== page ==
Reprinted by permission of

Quieting the
iron beast.
Using sound-deadening tiles
on the mechanical jib.

by Michael Facius

Our 2QM15 Yanmar diesel is a hard-working, and reliable iron jib. But it tends to be a bit loud. You know the type: give them a little juice, and you can't get them to shut up. We knew we would love it if our engine's sound level were lower, so when Nick Canero of Sailor's Solutions asked if we would be interested in testing his SPM sound proofing tiles, I jumped at the chance.

When I mentioned the test to Jerry Powlas, Good Old Boat's technical editor, his response was to "be as scientific as possible." He said, " Get a sound-level measuring device, and document the level before and after under the same conditions.

I work at a video-production company that has a sound engineer on staff so I was able to borrow a digital sound-level meter that can measure from 50 to 126 decibels in 10-decibel increments.
The soundproofing tiles are 12 inches square with a metallic cover over a dense vinyl material about 1 inch thick. The back side is adhesive protected by a waxy paper.     
My Internet research turned up some interesting information about sound levels. The human ear has the ability to sense a very wide range of sound, which is described as a pressure and is measured in pascals. The human ear begins to sense sound at about 20 micropascals and experiences pain from sound at 1,000,000,000 micropascals. The ratio between these pressures is five million to one. Because the human ear perceives pressure changes logarithmically over a large range, sound pressure level is measured in decibels (dB).

The decibel is logarithmic in relation to sound pressure, giving us a more manageable scale. Normal conversation is approximately 60 dBs or 20,000 to 30,000 micropascals, while a rock concert is 120 dBs or 20,000,000 to 45,000,000 micropascals. One of the lessons is that conventional linear math can't be used. For example, if you have two 60-dB sound sources, the overall sound level will be 63 dB, not 120 dB. While a 3-dB change is generall perceptible, a 10-dB change, either up or down, is approximately twice of half as loud.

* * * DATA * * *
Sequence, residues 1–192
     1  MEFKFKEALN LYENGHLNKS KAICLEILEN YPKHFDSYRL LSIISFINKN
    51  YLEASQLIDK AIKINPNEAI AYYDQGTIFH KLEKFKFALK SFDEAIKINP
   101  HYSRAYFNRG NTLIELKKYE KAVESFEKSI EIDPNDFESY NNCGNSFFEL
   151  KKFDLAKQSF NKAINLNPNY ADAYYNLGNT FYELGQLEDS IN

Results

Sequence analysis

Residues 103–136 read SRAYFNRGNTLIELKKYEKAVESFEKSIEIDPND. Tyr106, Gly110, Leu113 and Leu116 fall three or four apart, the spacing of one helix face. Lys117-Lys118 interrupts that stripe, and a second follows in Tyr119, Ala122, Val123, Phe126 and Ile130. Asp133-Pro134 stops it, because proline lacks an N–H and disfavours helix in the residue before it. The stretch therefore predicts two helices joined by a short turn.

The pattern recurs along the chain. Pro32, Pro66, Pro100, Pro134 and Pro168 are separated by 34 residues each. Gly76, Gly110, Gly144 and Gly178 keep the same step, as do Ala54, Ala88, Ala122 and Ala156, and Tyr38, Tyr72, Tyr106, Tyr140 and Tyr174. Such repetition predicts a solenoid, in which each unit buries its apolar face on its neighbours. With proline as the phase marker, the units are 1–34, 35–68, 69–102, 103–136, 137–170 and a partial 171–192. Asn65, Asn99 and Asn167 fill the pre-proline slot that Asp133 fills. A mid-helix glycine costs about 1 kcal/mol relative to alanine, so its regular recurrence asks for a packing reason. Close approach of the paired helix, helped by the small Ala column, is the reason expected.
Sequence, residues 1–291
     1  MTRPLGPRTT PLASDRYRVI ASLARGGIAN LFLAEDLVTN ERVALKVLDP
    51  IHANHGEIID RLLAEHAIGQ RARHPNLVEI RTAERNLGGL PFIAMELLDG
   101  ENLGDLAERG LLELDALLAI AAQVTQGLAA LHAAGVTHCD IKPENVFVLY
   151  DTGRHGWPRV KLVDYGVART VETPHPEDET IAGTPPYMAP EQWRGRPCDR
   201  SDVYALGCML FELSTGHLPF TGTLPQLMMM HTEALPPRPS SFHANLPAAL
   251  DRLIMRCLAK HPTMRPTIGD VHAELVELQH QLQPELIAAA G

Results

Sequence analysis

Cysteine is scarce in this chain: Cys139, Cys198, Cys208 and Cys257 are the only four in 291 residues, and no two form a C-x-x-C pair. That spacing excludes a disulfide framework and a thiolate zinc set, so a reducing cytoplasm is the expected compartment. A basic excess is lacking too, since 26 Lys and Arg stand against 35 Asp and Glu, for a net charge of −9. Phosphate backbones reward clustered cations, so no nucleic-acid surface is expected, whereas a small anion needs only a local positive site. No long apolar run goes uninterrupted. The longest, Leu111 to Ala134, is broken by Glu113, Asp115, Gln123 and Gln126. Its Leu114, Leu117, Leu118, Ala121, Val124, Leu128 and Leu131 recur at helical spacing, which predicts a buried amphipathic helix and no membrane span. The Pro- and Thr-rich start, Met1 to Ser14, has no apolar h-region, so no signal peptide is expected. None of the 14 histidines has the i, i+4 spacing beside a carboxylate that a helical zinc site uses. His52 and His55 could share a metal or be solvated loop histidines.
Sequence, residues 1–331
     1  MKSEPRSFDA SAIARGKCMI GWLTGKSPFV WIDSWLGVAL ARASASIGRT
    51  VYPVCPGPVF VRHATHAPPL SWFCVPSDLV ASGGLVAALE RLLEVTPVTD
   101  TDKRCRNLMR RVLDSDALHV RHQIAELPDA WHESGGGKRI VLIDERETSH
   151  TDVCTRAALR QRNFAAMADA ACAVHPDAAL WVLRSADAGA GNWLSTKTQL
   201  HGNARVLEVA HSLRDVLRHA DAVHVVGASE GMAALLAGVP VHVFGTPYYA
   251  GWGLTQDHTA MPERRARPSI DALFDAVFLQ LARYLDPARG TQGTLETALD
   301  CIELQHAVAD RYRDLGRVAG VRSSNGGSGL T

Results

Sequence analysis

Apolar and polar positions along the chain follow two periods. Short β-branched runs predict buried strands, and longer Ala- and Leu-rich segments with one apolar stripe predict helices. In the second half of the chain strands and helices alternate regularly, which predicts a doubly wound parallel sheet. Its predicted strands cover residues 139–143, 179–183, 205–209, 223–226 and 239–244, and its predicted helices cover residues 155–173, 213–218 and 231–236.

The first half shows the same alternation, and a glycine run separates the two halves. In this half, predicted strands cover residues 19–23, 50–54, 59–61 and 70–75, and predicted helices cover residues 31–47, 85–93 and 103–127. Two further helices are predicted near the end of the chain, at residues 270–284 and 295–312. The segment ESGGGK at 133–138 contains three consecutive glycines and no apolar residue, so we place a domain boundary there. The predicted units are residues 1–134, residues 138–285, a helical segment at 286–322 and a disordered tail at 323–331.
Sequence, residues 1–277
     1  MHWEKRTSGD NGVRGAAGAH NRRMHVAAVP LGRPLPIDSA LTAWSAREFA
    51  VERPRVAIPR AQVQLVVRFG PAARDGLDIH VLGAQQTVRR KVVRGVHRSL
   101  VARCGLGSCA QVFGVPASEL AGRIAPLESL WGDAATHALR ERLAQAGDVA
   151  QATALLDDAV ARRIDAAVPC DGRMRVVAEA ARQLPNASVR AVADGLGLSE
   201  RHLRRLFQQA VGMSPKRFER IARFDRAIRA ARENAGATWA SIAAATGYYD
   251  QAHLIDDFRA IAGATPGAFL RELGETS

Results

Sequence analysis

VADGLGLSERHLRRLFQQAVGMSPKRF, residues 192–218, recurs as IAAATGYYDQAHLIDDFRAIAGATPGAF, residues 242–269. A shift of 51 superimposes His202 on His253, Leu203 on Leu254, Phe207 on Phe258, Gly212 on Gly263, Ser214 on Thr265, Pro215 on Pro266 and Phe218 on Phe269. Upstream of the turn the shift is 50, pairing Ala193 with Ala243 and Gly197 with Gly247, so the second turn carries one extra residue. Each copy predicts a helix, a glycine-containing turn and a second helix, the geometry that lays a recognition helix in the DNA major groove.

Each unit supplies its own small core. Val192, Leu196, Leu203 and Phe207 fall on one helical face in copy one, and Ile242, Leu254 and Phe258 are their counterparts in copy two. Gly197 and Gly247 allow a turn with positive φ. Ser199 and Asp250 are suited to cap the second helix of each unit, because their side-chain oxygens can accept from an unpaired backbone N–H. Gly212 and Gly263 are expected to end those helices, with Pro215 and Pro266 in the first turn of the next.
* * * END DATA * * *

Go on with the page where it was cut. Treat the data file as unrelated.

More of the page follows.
Our C&C 30 would require about 20 tiles to completely cover the inside of the engine compartment according to Nick. He was right. The actual installation was easy. My wife Patty, and I had planned to install the tiles on a Saturday morning while at anchor. The night before we carefully cleaned all the surfaces that were to receive the tiles according to the supplied instructions.

  The tiles are 12 inches square, about an inch thick and weight 19 ounces each. The surface that faces the engine is a shiny metallic over a dense vinyl material. Between that side and the side that sticks to the walls of the engine room is soft foam. The adhesive side is covered with a waxy paper that protects the sticky surface until you a ready to apply it.

Cutting the tiles to fit is easy. Have measuring tools, straightedges , and a thin-pointed indelible pen to mark the cut lines. I found that the adhesive would stick to the blades after a few cuts but some acetone removed it quickly. The whole process took us a little over two hours. After we cleaned up and made some lunch, it was time to turn the Yanmar on and listen to what we had accomplished.

The sound level in the cabin at idle had been 79 dB, and at 5 knots it had been 80 dB. With the tiles installed, we cut the level by 3 dBs. The sound level at idle now is 76 dB, and at knots it has improved even more to 74 dB.

We can now talk to each other instead of yelling. While the Yanmar is still a strong presence, it's much quiter than it was before. As an added bonus, the inside of our engine compartment looks great.


Sailor's Solutions